Remdesivir had no significant effect on ventilated COVID-19 patients and a small effect on other hospitalized patients, according to a final analysis from the Solidarity trial published by The Lancet on May 2. The international trial included 8,275 hospitalized patients who were randomized to either 10 daily infusions (unless discharged earlier) or control. Overall mortality rates were insignificantly different at 14.5% in the remdesivir group and 15.6% in controls; in patients who were already on ventilation at randomization, rates were 42.1% and 38.6%, respectively. Among patients on supplemental oxygen, but not ventilation, 14.6% of those on remdesivir died versus 16.3% of controls (rate ratio [RR], 0.87 [95% CI, 0.76 to 0.99]; P=0.03). Among patients not on oxygen, rates were 2.9% and 3.8%, respectively (RR, 0.76 [95% CI, 0.46 to 1.28]; P=0.30). When all those not ventilated initially were combined, the mortality rate was 11.9% versus 13.5% (RR, 0.86 [95% CI, 0.76 to 0.98]; P=0.02) and progression to ventilation was 14.1% versus 15.7% (RR, 0.88 [95% CI, 0.77 to 1.00]; P=0.04). The authors also noted that allocation to daily remdesivir infusions delayed discharge by about a day.
“An anti-viral treatment that reduces time to recovery in lower-risk inpatients might have little effect on overall inpatient mortality, because this outcome is driven chiefly by dysregulated immune responses,” the study authors said. “Regardless of how these findings are interpreted, better drugs to treat COVID-19 will continue to be needed. Oral antiviral agents, various immune modulators, and monoclonal antibodies against currently circulating variants of concern are now emerging that might prove more effective, more convenient, or less expensive than daily remdesivir infusions, but large-scale randomised evidence will be needed to evaluate and compare them.”
An analysis of extracorporeal membrane oxygenation (ECMO), published by The BMJ on May 4, found that it improved mortality in patients with respiratory failure due to COVID-19. The international observational study included a total of 7,345 ICU patients, 11.5% of whom received ECMO at any time point during follow-up. Adherence-adjusted mortality was 26.0% (95% CI, 24.5% to 27.5%) for patients treated with ECMO if partial pressure of arterial oxygen to fraction of inspired oxygen (PaO2/FiO2) decreased below 80 mm Hg compared with 33.2% (95% CI, 31.8% to 34.6%) in patients treated without ECMO (risk difference, –7.1% [95% CI, −8.2% to –6.1%]; risk ratio, 0.78 [95% CI, 0.75 to 0.82]). Secondary analyses showed ECMO to be most effective in patients younger than age 65 years and with a PaO2/FiO2 below 80 mm Hg or driving pressures greater than 15 cm H2O during the first 10 days of mechanical ventilation. The authors concluded that ECMO was associated with lower mortality in selected COVID-19 patients and that age, severity of hypoxemia, and duration and intensity of mechanical ventilation should be considered when deciding to initiate this intervention.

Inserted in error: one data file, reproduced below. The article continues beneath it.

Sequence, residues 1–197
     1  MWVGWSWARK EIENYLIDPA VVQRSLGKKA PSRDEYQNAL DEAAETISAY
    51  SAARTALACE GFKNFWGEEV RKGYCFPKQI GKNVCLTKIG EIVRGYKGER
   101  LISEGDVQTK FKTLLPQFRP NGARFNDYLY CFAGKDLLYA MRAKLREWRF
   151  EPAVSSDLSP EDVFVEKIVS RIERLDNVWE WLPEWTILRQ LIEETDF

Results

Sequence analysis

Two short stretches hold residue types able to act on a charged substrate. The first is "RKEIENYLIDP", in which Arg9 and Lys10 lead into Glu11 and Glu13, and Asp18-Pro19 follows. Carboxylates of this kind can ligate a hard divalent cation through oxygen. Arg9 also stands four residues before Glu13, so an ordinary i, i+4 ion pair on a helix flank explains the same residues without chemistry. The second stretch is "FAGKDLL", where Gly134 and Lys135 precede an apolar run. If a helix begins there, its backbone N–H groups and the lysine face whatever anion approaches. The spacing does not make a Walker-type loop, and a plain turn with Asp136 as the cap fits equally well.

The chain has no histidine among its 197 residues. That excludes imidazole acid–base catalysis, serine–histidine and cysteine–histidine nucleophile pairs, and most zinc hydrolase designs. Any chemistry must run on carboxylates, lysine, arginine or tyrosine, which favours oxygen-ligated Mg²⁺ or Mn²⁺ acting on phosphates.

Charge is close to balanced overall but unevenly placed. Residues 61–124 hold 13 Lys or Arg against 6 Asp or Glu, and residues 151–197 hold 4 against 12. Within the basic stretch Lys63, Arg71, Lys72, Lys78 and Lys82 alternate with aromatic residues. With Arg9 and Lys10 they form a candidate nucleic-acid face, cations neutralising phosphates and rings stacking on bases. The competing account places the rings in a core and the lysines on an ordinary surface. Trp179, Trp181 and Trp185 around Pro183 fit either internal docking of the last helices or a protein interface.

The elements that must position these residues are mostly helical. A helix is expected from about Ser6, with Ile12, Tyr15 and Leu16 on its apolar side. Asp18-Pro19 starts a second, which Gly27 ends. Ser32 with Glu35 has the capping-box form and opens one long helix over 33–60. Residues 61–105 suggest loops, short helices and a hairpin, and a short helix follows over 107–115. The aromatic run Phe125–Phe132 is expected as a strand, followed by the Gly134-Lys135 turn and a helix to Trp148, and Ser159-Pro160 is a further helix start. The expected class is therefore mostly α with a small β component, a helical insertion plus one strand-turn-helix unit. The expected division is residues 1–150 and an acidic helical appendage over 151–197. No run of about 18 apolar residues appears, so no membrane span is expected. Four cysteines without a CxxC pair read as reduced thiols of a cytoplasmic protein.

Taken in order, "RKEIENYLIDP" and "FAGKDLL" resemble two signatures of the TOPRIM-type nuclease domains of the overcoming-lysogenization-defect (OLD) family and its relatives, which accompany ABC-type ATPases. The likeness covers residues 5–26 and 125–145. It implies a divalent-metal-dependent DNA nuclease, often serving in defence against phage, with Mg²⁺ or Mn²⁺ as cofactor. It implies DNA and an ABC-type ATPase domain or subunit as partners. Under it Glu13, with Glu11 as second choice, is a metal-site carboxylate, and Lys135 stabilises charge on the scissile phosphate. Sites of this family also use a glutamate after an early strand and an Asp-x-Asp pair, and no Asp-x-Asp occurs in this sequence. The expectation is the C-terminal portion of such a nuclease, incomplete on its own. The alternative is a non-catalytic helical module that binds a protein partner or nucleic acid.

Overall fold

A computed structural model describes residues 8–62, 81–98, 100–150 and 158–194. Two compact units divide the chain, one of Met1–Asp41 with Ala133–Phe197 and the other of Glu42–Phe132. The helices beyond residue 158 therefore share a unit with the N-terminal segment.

The NIH's COVID-19 Treatment Guidelines Panel made several updates on April 29, including changes to recommendations about the use of convalescent plasma. The panel now recommends against the use of plasma that was collected prior to the emergence of the omicron variant. They also recommend against its use in hospitalized, immunocompetent patients. There is insufficient evidence to recommend either for or against the use of high-titer convalescent plasma that was collected after the emergence of omicron for the treatment of immunocompromised patients or nonhospitalized, immunocompetent patients with COVID-19, the panel said.